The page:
No, my Joe Walsh is unrelated to the musician. My Joe Walsh is a douchebag who owes his kids more than $100,000 in child support, lost his license multiple times due to unpaid tickets and insurance bills, and has lost multiple lawsuits related to his inability to live up to his financial commitments. And this asshole wants to lecture the rest of us on financial responsibility?It was a bad joke that he was actually John Walsh.

Superboy
01-17-12, 11:38 AM
That makes sense, you son of a bitch.

Sure it is! goddamn, we've been backed into a corner by our own hypocrisy.... fucking hell....

I guess i'm voting for Santorum instead of Dan Savage.

Artman
01-17-12, 11:41 AM
Dan Savage has a son.

Wasn't sure if it was his or his boyfriends. Poor kid.

Tracer Bullet
01-17-12, 11:45 AM
Wasn't sure if it was his or his boyfriends. Poor kid.

:rolleyes:

It's both of theirs, and they're married.

PopcornTreeCt
01-17-12, 02:42 PM
This thread turned quite disgusting pretty fast.

Dr Mabuse
01-17-12, 02:48 PM
I'm wondering how Romney is gonna break it to America that he pays 15% taxes.

This should be entertaining stuff.

Venusian
01-17-12, 02:50 PM
I'm wondering how Romney is gonna break it to America that he pays 15% taxes.

This should be entertaining stuff.

Does he have a job?

Tracer Bullet
01-17-12, 03:01 PM
Does he have a job?

Yes, saving America.

Venusian
01-17-12, 03:13 PM
Yes, saving America.

:lol:

We're screwed :(

X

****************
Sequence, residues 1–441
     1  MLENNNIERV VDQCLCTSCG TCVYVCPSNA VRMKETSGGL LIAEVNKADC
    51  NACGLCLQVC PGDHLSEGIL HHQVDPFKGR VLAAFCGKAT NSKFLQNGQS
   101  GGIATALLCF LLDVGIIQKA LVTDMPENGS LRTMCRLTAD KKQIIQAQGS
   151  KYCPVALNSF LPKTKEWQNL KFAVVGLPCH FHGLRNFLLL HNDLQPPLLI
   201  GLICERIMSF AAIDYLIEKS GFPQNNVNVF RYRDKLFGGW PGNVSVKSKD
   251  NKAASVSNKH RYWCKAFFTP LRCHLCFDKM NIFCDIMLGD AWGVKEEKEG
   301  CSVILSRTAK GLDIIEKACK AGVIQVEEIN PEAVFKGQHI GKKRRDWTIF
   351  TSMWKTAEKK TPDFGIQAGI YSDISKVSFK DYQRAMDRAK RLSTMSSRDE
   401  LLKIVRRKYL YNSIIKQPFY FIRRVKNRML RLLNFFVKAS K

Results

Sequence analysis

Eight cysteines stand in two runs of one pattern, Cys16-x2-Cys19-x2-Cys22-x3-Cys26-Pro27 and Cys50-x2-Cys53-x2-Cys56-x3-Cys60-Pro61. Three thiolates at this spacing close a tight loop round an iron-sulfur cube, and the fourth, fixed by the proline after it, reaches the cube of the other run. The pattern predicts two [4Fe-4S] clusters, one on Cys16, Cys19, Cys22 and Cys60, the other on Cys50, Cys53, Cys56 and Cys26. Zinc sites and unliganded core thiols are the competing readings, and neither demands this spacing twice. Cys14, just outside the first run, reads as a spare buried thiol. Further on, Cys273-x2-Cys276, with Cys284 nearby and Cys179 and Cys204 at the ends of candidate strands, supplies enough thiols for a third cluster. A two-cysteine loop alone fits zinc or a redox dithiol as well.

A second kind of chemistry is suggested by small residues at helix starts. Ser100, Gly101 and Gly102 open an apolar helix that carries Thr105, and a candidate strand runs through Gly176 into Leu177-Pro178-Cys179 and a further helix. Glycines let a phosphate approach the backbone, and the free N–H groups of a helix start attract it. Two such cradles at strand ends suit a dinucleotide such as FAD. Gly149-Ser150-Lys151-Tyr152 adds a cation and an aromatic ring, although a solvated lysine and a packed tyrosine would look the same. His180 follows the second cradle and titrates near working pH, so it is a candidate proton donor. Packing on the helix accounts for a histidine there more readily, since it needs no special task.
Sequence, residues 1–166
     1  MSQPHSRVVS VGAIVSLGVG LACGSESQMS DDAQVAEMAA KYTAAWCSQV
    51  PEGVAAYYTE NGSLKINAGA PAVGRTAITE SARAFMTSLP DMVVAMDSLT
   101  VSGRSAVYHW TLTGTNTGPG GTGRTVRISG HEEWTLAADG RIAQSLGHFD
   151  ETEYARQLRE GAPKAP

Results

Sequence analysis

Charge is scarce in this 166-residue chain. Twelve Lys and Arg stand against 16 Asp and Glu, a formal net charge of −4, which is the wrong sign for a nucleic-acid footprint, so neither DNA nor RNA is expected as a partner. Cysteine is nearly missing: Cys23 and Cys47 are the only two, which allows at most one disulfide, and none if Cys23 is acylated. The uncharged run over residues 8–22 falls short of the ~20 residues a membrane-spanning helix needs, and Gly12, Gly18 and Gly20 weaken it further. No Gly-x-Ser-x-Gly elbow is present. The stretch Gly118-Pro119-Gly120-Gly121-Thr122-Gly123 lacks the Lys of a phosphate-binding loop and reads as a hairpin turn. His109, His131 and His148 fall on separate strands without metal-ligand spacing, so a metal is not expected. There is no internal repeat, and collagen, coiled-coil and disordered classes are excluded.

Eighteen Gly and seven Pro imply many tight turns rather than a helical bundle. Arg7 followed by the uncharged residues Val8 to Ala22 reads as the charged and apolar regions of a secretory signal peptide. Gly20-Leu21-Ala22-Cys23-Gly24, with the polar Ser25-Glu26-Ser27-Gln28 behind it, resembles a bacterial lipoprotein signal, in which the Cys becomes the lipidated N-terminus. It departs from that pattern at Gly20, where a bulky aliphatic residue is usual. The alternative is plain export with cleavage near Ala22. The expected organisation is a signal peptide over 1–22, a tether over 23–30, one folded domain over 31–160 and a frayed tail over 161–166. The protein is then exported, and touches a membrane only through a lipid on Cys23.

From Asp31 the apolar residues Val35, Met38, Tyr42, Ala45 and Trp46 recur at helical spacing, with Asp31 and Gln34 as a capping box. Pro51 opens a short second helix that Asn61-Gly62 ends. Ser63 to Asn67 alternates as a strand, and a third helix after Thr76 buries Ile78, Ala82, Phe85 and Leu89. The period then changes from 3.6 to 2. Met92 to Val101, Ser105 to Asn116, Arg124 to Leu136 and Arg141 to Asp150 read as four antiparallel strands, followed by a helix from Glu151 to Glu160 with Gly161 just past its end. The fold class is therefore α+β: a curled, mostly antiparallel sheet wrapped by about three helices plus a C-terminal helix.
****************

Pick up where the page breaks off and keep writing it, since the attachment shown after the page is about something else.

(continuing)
01-17-12, 03:17 PM
I'm wondering how Romney is gonna break it to America that he pays 15% taxes.

This should be entertaining stuff.Did America care much about John Kerry (well, his wife) paying that much?

Tracer Bullet
01-17-12, 03:26 PM
Did America care much about John Kerry (well, his wife) paying that much?

John Kerry? Didn't he run for president in like the '60s?

Superboy
01-17-12, 03:29 PM
It's nice to see that this thread has just devolved into this:

http://i3.kym-cdn.com/entries/icons/original/000/000/266/no_u_for_knowyourmeme.jpg

Tracer Bullet
01-17-12, 03:35 PM
I think you wanted this thread: http://forum.dvdtalk.com/other-talk/598150-chicago-7-kids-vs-1-asian-kid.html

Th0r S1mpson
01-17-12, 03:37 PM
Is the 15% his "effective" tax rate?

If so, that should be higher than average. Not that such data would quench the necessary outrage.

Tracer Bullet
01-17-12, 03:39 PM
Is the 15% his "effective" tax rate?

Well, something about Romney has to be effective.

Th0r S1mpson
01-17-12, 03:46 PM
I think you wanted this thread: http://forum.dvdtalk.com/other-talk/598150-chicago-7-kids-vs-1-asian-kid.html

That's the thread where I learned that bullying a bully isn't bullying. It's self-defense.

Tracer Bullet
01-17-12, 03:57 PM